Then before 9th grade was sticking my leg in the auger. Lots of stitches there. Three weeks in the hospital, the first two of which I don’t remember because I was in the OR every other day for debreeding and cleaning. Imagine a fist sized hole in your leg, then stuff it full of feed. Silage, probably some dirt, the pants, ect.
    Guess I’m lucky they found an antibiotic to stop the infection. Mom says it was a last resort and something they hadn’t used much before but they were out of options.

    I saw a picture recently of the cow yard as it was in 1977. Now, it was a lot of years ago and the details have gotten fuzzy. I remember Dad saying he doesn’t know how I reached the switches to turn off the auger as he couldn’t reach it. In this picture, the bunk and the switches are a good 20′ away from each other. It sure seems like that’s how it was when I hurt myself; leg in the bunk, switches over there. But if that’s true… well then… certain miracles will have to be accounted for.
    It’s possible things changed before the picture was taken…and yet that still doesn’t explain everything except a faulty memory, which isn’t out of the realm of possibilities. But.
    I think some Divine Intervention was needed and I’m happy to go with that.

    These days I’ve always got a scab from something. A nail sticking out, scraped on a bolt, cut my finger on something else…. there’s always something. I keep up on my tetnus shots.
    Its the hurrying that will get you into trouble. It’s why I move so slow. 🙂 And try to listen to my inner little man.

    Liked by 5 people

      1. Yep, and I keep thinking, all the wriggling around I was doing, how come it was still just a round hole in my leg? (I know it was, I looked at it while sitting on the edge of the water tank waiting for dad to come back and mom with the car.

        Mom was making fried potatoes for supper. She says dad ran into the kitchen, told her to grab her purse to take me to the hospital, then he spun around 3 times trying to decide what to grab; finally grabbed a dishtowel and ran back to the barn. 🙂
        Funny the memories that stick with you.
        My boots were covered in manure and pants were dirty; they cut everything off, put it in a plastic bag, and you can imagine how they handed that back to mom… she threw it all away.

        Liked by 5 people

  12. Jumping out of a neighbor’s tree on a rope spring, scraped my knew really bad, lots of blood and a scab for a long time. Broken arm in 5th grade when a kid playing ball ran into me.

    I’ve slipped on pavement a number of times, once in San Francisco that gave me a scab on my knee (when we wore mini-skirts) for my first day of teaching kindergarten. And one time hustling along on a sidewalk in Uptown Mpls, I skidded, then somehow had the presence to do a drop and roll (I’d watch my boy Joel do this so many times…) Got back up and walked past a woman who said “Nice roll!”

    Liked by 6 people

  13. OT – Stopped at Aldi this afternoon. As I was exiting the store, an older man was getting out of his parked car. He had parked in a spot right in front of the store, and as he exited the car he dropped his car keys right down through a grate in the pavement. He could see his keys, but could not get his hand through the grid of the grate to retrieve them. A woman who had pulled up near him saw his predicament, and came to his rescue. She happened to have a fishing rod in the trunk of the car, and with that they were able to fish his keys back out. What are the chances you are going to run into someone with a fishing rod in the trunk of their car in a situation like that?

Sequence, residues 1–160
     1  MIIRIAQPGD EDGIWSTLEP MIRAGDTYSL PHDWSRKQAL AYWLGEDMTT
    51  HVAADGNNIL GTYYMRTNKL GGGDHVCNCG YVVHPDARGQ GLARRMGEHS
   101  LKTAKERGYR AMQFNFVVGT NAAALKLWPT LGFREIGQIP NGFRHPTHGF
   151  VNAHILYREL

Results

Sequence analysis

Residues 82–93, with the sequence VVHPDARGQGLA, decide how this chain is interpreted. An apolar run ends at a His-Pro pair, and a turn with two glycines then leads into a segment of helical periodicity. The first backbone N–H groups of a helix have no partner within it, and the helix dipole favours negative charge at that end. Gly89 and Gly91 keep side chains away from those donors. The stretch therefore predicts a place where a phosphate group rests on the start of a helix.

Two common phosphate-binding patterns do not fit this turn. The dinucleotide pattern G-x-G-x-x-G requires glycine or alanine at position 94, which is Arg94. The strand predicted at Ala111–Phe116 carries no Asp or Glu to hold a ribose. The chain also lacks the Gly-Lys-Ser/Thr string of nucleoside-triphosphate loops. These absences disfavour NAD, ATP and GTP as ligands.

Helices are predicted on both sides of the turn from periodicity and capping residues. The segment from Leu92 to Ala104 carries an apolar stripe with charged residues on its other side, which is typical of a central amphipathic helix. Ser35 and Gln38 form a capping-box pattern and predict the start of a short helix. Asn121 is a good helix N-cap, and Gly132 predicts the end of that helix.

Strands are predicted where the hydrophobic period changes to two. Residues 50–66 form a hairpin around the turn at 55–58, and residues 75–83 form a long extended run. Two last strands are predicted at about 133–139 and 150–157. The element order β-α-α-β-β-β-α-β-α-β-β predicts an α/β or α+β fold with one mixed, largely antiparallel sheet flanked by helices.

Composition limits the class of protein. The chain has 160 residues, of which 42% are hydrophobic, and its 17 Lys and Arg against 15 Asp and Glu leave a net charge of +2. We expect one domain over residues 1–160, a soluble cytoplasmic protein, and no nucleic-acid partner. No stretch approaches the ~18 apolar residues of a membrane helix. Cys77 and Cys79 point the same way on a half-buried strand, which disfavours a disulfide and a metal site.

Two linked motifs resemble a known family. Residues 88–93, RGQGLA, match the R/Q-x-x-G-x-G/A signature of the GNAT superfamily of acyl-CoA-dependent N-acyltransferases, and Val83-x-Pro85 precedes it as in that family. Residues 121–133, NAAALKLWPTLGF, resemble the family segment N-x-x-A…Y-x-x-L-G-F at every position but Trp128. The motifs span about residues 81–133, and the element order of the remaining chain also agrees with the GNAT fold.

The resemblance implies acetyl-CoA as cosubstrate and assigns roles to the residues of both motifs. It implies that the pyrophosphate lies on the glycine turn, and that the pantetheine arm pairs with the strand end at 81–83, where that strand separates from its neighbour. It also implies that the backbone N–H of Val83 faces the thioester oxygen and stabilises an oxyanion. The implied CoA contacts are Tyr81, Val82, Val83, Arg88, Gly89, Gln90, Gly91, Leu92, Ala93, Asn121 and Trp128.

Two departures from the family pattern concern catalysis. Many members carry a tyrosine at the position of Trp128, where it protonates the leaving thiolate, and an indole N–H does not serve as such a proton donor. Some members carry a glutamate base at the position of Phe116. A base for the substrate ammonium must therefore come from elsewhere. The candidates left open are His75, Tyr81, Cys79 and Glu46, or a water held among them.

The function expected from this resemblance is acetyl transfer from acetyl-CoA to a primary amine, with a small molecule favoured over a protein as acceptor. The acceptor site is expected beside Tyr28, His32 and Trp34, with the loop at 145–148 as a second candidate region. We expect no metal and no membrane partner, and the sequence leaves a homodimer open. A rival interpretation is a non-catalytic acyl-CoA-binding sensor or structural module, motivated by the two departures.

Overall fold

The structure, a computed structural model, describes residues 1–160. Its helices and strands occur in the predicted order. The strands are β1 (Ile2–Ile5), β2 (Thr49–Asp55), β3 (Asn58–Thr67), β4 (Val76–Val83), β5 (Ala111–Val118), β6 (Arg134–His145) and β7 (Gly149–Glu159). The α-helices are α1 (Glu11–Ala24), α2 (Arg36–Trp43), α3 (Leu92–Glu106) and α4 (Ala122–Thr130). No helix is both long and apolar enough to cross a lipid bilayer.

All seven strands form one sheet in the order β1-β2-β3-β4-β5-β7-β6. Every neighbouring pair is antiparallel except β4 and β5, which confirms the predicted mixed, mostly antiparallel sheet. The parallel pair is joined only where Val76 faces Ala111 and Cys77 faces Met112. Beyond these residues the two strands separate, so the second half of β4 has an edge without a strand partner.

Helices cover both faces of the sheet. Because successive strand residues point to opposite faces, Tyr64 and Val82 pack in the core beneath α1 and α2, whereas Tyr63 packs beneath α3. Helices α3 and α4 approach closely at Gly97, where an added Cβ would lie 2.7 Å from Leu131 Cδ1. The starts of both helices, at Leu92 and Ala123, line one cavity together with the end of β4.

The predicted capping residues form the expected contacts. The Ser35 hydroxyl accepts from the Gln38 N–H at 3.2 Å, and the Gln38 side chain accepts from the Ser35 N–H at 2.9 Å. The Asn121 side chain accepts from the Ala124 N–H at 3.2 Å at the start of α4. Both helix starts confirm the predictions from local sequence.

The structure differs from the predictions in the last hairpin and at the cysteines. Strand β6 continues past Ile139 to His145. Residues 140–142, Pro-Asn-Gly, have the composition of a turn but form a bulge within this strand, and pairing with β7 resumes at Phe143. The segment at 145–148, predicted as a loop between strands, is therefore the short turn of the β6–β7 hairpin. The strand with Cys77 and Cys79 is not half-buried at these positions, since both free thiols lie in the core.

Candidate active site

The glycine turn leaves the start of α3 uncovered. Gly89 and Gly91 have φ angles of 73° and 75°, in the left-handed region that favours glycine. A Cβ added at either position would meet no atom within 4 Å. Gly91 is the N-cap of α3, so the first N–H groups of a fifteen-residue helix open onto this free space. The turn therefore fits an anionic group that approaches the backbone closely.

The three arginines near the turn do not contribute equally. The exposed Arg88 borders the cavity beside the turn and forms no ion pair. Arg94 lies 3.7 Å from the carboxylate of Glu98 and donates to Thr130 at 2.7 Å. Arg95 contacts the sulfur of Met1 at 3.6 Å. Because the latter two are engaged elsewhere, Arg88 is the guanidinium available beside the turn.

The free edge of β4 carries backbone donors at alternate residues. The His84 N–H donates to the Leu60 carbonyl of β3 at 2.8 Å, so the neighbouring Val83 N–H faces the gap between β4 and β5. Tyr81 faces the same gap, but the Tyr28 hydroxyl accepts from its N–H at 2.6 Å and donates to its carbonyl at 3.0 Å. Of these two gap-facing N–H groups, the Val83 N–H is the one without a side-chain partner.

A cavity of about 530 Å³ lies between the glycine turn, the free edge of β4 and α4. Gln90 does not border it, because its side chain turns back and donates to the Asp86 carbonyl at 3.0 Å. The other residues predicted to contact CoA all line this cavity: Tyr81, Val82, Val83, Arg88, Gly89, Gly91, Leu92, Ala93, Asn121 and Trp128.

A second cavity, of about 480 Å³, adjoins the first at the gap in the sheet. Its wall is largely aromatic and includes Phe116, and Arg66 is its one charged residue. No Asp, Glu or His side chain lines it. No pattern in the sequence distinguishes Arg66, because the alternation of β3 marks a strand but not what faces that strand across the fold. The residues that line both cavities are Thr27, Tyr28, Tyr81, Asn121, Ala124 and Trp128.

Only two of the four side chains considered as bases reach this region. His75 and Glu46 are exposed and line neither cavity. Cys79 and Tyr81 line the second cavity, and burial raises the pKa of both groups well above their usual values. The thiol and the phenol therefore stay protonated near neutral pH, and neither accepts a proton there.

Liked by 6 people

    1. I always have a deep conviction when I walk over a grate like that, that I will lose something in it. I try to walk around, and if I have to go directly over, I hang onto everything I’m carrying very tightly.

      Liked by 2 people

      1. Me too. In this case, he had parked his car in a place where he stepped out of his car and right on to the grate. I’m betting he’ll avoid that parking spot in the future. I know I will.

        Like

  14. OT: one of my niece’s daughters had an unusual encounter. She was a passenger in a car driving over 494. A woman was leaning over the side of the bridge. My relative asked to be taken back in case the woman was in trouble. When she got there, the woman had jumped but then grabbed the bridge. She was hysterical. My relative could get close enough to wrap her arms around the jumper, although she didn’t have enough strength to lift her to safety. Someone called 911. Three burly guys lifted the woman to safety Through her tears, she explained that two friends had recently died jumping from that spot. She herself was suffering from post partum depression. My relative quietly disappeared into the car and left without identifying herself.

    Liked by 5 people

  15. I had a sprained wrist, and a torn-up knee, but mostly stayed in one piece. I remember my sister falling on a piece of splintered wood and puncturing her knee, at my grandparents’ place in South Dakota one summer. I don’t think it required stitches, but I’m pretty sure it involved a trip to a doctor. Then there was a time when my cousin grabbed a piece of wood that had a nail in it, and managed to impale his hand on the nail. When the nurse checked him in to see the doctor, she thought he had just brought the piece of wood along to show them what had caused the injury, and she quickly ripped it out of his hand. There was a lot of blood with that one. The nail was pretty rusty. I think the visit involved a tetanus booster too.

    Liked by 3 people